I became quite successful at the time. All these noble mothers came to make photos in my studio. After a while, I was asked to do fashion photography, but after a while, Superstudio started and I quit. But of course, I had all the contacts and all the people- I was friends with Oliviero Toscani for example,” who would go on to make the controversial photographic campaigns for Bennetton. With his usual irony, Cristiano pointed out that he also worked as a fashion model, for the kind of magazines that were constantly referencing architecture.

It’s hard not to talk about the origins of the Italian Radical movement without getting into influences, of which there were many: “We started…” as Cristiano clarified in that same interview, “…on parallel levels, looking at Archigram, but even more we looked back at Dada and then to Pop-art that was bringing the Dada methods up to date. Fluxus—breaking boundaries and being completely interdisciplinary, fluctuating from one activity to the other. But on the other hand, Archigram had this political information as background—for which we could say maybe we were more idealistic than them. They were more pragmatic, more Anglo-Saxon.”



Dan Graham connected his generation to Rock and Roll, and given the times, it is clear that music played a considerable role for Cristiano. When I spoke to Cristiano about music when we met in December of 2002, he had this to say: “When I talk about the importance of music, we don’t deny having discovered a person like Bob Dylan, or the Beatles, it was a time when popular music reached great artistic levels, Laurie Anderson, the whole group of Fluxus, back then there was a system of self-propulsion, in every field…” What is critical in understanding Superstudio is precisely this level of mixing passions that the art and architecture curator Lara Vinca Masini referred to as “contaminations.” Cristiano stabbed at this point by bringing in Aldo Rossi: “Yes the work of Rossi and others was interesting, but it was always inside a discipline with few confrontations with the world that went much faster than their own reasoning.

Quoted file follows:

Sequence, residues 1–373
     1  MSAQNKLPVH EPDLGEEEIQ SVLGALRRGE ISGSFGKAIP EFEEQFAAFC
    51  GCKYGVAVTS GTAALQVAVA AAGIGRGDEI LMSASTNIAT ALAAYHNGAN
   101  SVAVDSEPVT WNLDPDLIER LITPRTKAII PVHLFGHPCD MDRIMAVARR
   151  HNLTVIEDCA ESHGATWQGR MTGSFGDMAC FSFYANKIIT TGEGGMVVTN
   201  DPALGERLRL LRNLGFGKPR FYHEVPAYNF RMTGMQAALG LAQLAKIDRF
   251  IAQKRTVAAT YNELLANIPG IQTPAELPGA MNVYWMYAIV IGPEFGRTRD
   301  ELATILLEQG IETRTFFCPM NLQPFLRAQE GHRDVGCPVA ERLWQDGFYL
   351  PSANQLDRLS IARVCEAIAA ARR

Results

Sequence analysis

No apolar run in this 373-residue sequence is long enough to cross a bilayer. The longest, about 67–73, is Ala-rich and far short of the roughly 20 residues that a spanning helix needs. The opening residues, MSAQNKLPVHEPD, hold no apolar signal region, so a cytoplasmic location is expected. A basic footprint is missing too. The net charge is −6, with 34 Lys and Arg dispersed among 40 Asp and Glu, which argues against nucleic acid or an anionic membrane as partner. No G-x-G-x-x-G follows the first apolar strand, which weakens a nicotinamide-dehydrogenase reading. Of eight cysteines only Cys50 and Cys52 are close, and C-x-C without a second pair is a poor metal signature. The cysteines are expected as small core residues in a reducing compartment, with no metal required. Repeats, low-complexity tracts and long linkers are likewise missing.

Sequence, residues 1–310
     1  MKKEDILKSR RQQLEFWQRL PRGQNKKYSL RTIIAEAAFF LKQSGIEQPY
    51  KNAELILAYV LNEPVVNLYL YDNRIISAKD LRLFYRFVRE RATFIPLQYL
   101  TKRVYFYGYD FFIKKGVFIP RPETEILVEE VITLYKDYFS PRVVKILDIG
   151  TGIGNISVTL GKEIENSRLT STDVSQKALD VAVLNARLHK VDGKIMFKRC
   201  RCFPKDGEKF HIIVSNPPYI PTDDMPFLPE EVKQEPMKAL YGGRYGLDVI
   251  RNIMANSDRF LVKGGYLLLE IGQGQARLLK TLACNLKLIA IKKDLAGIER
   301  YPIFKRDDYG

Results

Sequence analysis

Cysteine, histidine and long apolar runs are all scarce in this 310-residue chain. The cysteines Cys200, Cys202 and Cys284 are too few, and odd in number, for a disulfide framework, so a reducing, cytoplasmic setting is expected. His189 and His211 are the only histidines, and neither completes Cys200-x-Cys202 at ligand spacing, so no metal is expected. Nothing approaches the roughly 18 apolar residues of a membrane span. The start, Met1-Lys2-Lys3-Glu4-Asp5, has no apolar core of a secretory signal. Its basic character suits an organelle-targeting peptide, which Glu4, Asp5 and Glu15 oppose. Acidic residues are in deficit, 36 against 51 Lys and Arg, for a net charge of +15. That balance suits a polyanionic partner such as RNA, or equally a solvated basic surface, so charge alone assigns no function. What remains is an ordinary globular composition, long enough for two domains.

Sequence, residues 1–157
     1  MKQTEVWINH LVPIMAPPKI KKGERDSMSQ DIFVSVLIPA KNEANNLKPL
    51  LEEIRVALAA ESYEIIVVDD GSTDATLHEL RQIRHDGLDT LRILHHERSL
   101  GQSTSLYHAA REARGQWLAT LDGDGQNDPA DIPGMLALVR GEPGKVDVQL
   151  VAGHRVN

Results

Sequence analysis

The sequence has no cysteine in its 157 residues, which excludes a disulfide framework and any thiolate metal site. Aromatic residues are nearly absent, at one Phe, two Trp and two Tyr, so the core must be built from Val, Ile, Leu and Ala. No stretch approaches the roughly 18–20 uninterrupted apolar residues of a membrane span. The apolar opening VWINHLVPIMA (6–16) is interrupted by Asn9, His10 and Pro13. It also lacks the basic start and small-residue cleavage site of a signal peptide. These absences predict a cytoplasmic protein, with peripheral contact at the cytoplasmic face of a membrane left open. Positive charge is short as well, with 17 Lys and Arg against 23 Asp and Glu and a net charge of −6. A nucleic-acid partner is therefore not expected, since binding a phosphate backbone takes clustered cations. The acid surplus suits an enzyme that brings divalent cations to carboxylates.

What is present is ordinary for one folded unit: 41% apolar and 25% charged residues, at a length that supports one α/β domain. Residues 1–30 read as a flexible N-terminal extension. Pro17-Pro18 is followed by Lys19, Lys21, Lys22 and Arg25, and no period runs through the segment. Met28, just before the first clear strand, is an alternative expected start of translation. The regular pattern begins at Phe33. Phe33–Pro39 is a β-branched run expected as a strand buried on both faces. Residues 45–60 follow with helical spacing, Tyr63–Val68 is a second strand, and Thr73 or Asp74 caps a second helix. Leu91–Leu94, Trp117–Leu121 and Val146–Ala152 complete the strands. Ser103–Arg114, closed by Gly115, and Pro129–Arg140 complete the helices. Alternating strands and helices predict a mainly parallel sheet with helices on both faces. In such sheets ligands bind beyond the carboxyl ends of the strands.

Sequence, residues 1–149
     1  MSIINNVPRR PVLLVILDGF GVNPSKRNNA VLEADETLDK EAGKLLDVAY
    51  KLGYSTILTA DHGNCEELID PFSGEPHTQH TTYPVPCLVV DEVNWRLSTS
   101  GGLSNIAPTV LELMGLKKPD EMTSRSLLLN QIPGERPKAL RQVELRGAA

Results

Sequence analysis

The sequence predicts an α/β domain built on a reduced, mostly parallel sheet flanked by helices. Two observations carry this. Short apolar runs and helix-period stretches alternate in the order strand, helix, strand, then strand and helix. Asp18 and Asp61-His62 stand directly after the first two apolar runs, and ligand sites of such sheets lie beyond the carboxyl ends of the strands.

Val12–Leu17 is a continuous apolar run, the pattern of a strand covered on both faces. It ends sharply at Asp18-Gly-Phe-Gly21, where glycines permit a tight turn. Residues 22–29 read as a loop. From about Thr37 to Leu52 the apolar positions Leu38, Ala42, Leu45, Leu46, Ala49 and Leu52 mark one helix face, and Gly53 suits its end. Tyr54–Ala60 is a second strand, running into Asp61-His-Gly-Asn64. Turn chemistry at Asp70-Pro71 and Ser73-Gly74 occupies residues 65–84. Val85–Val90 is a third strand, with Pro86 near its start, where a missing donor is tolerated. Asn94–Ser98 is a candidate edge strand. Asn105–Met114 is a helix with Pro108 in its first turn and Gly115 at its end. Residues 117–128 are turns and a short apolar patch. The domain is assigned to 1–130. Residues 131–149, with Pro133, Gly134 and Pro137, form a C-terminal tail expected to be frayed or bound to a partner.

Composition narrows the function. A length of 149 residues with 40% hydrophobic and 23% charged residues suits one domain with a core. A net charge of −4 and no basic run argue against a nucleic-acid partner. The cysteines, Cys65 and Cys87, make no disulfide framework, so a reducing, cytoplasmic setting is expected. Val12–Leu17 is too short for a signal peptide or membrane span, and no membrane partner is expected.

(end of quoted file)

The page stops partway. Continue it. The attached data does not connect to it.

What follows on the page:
Getting back to the Florentine music scene, Cristiano credited his father with exposing him to experimental music when he was beginning university. In a conversation I had with him in 2005, Cristiano remarked: “My father was a scientist, and as a scientist he was traveling a lot and, in a way, disillusioned and relativistic. He was asked in 1963 to become president of the young contemporary music association. One of those members was Sylvano Bussotti,” a Florentine native, musical polyglot and noted dandy. “One was Giuseppe Chiari,” the atonal musician, close to John Cage and a member of Fluxus, “and the other was Pietro Grossi,” a Venetian electronic musician and composer living in Florence. “I remember they were making concerts of electronic music, and one concert was in the Conservatorio di Musica Cherubini which is a traditional music conservatory. And after 10 minutes of this music people went crazy.”